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|May 29-June 4, 2008
• Life in the slow lane
Author Carl Honoré puts on the brakes
by Erica Grossman
• Surfer sorts out syrah, shiraz
by Fred Tasker
A vegetarian venture
Leaf offers an original shade of green
by Clay Fong
I’ve been thinking of the Michelin Tire Company, but not because of its famed gastronomic guides that can make or break a restaurant’s reputation. No, I’ve been thinking of this corporation due to the fear that my eating habits could transform me into something resembling the rotund Michelin Man. Wandering the streets of downtown Boulder seeking a healthful repast that would prevent my metamorphosis into a roly-poly tire pitchman, I came across Leaf, an inviting vegetarian restaurant. Rather than adopting the tired earth tones and dark wood paneling that seems to be de rigeur for a stylish Boulder restaurant, Leaf is done up in a calming celadon green scheme matched with retro touches as chrome fans and a painted tin ceiling. Open bay windows give this eatery an expansively elegant European feel, reminiscent of some of the more off-the-beaten path entries in the Michelin guides.
The bar features martinis made from Boulder’s Organic 14 vodka and a voluminous wine list composed of organic, biodynamic and sustainable vintages. While not quite as ambitious, the lunch menu still covers ample culinary ground, ranging from an artichoke po’ boy sandwich to an Asian-influenced seaweed salad. Friend Ann and I started with a $6 appetizer of mushroom pâté. Masterfully presented, this small plate was augmented by pats of manchego, fontina and gorgonzola cheeses, accompanied by perfectly ripe blackberries and strawberry slices. While the toast fingers were slightly burnt on the bottom, the pâté itself had the richness and sensual but airy feel of its meaty antecedent. The scent of pine nuts combined with the meaty flavor of pureed mushroom made this selection a standout.
Ann’s bowl of artichoke soup didn’t live up to the standard set by the pâté. Despite being thickened with nuts and possessing an attractive green hue resembling the restaurant’s restful walls, it possessed watery texture and one-note flavor. A hint of garlic or white pepper would have contributed some zip, and puréed tofu could have added welcome creaminess. Without these improvements, this dish had the misfortune of resembling the water left over after steaming artichokes instead of a sublime spring treat. To Leaf’s credit, our server took the artichoke soup off the bill.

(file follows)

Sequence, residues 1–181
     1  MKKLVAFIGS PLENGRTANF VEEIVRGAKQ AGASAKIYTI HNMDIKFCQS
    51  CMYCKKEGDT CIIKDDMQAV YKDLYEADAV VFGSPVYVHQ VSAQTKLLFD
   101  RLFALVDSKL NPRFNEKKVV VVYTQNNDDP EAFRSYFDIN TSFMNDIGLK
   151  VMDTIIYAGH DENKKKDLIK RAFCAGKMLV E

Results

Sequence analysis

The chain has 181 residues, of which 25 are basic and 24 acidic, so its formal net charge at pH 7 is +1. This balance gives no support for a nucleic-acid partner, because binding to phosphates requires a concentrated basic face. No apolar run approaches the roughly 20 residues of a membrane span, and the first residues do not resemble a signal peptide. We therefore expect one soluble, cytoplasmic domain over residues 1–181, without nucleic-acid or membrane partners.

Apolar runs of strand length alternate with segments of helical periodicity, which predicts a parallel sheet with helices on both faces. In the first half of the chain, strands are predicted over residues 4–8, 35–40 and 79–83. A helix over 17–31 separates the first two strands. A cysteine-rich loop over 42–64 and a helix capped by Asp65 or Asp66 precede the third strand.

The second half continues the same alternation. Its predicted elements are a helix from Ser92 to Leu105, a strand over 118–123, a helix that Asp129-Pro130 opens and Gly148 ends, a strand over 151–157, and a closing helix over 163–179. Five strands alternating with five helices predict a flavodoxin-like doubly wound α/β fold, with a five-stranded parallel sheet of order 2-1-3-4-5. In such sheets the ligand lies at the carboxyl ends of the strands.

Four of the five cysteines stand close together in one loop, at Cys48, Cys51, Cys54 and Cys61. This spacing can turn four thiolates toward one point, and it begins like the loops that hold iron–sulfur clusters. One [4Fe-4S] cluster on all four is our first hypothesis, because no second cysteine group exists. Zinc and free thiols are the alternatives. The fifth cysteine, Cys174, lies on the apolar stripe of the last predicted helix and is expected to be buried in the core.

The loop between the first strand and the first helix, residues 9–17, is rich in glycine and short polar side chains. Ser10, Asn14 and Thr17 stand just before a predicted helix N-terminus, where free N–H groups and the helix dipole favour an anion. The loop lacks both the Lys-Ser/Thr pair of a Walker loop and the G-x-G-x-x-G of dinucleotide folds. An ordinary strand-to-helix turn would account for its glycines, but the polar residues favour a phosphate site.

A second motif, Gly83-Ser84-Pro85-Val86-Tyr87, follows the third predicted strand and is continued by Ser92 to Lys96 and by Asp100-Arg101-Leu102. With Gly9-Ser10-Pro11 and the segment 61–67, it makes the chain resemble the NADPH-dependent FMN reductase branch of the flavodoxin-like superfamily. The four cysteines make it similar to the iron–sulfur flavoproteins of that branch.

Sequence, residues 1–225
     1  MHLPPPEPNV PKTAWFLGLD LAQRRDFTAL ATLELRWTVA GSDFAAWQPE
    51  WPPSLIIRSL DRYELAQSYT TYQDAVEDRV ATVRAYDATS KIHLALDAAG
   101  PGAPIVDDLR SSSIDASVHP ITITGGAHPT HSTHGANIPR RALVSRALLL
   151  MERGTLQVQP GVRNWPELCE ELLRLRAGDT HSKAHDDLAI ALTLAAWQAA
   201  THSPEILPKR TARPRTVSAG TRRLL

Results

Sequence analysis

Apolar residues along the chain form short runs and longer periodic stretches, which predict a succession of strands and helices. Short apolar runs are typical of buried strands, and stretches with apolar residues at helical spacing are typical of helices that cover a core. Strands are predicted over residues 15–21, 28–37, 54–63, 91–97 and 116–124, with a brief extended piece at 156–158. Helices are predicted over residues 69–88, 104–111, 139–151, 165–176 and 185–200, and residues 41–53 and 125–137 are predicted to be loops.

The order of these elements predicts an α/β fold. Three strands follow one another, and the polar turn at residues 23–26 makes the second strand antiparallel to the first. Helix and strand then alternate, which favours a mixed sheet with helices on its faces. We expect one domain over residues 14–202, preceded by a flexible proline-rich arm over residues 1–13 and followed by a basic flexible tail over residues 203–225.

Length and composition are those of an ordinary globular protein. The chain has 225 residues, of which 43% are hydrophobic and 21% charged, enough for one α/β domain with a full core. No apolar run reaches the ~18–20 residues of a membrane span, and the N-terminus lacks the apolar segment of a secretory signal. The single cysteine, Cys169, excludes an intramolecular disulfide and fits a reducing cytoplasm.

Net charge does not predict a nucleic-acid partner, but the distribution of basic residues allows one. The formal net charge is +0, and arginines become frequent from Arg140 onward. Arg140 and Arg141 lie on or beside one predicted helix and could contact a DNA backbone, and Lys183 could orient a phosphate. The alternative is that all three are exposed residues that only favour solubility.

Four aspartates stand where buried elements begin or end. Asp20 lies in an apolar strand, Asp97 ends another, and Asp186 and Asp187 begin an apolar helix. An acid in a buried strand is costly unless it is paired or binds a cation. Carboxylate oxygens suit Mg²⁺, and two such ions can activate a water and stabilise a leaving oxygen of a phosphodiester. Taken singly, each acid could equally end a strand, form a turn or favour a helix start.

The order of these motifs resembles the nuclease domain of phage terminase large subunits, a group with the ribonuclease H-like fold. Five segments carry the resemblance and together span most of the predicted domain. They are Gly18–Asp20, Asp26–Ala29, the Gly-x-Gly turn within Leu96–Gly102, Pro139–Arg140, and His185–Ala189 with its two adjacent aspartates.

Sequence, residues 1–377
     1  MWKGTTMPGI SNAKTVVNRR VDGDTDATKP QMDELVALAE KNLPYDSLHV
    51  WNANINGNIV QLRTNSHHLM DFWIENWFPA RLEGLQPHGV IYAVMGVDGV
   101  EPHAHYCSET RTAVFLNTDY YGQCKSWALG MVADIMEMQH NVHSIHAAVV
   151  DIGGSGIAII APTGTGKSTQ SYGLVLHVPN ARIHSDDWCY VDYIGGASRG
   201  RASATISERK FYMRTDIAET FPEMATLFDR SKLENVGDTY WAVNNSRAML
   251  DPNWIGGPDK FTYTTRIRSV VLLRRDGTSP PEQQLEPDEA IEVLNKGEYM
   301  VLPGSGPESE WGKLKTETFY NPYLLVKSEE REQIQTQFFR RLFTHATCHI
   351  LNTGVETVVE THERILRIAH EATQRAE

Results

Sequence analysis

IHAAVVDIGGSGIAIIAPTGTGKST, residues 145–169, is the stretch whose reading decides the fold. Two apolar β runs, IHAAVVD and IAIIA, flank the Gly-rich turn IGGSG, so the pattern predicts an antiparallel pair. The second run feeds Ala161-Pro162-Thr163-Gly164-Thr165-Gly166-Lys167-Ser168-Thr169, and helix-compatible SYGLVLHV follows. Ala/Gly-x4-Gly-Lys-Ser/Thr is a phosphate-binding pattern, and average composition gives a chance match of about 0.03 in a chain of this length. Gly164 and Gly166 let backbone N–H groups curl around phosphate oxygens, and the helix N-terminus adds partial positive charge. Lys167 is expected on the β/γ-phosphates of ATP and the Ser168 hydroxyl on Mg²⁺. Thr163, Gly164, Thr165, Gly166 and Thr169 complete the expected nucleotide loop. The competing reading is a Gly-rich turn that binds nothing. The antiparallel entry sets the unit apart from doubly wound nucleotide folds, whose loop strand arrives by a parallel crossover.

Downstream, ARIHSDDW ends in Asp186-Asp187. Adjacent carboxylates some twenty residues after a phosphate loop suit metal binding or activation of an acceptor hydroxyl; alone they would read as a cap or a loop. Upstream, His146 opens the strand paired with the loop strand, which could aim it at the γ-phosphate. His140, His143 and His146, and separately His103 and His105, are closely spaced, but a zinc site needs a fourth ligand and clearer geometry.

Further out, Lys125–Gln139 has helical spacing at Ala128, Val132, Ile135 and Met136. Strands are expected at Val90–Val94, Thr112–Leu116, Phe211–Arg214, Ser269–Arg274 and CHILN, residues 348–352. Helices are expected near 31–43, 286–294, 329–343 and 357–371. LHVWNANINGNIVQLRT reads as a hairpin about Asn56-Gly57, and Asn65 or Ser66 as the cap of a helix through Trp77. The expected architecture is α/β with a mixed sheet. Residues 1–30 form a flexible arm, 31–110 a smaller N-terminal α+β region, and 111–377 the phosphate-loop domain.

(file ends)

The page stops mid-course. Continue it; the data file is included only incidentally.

Happily, neither of us had reason to complain about our entrées. Ann’s $8 mushroom burger was a triumph of mouthfeel and taste. It had the heft of a lean beef burger on first bite, and while the flavor wasn’t a dead ringer for ground sirloin, it still had surprising depth for a meatless patty. An accompanying remoulade — think of a souped-up tartar sauce — was a suavely sophisticated alternative to the usual burger condiments.
A $12 plate of Jamaican Jerk tempeh successfully melded health food with Caribbean cuisine. While a decorative curlicue of fried plantain garnish lacked crispness, the jerk sauce possessed Habanero heat that fortunately didn’t overwhelm the complementary fruit flavors. The tempeh’s whole soy beans matched the sauce’s boldness, and a side of black forbidden rice topped with lightly cooked greens and a berry-rich salsa made for a pleasantly complex taste mélange.
While there were a few missteps in the meal, Leaf is still is a worthy stop for those seeking innovative meatless fare. They offer an opportunity to enjoy original, expertly prepared and healthy food without becoming a portly rubber monger.
Leaf - 2010 16th St., Boulder, 303-442-1485
Clay’s obscurity corner
The Michelin Man
Inspired by the appearance of a pile of tires, the Michelin Man is closely tied to the tire manufacturer’s famous restaurant and lodging guidebooks. The Michelin brothers realized that providing information on faraway eateries and lodgings was an effective way to get people to drive around for pleasure and, consequently, buy more tires. As Michelin’s guides took hold throughout France, Michelin also sponsored a weekly newspaper column on gastronomic matters. Although this feature was written by the great French gourmand Curnonsky, it was signed by Bibendum (“to drink”) which became the Michelin Man’s proper name.
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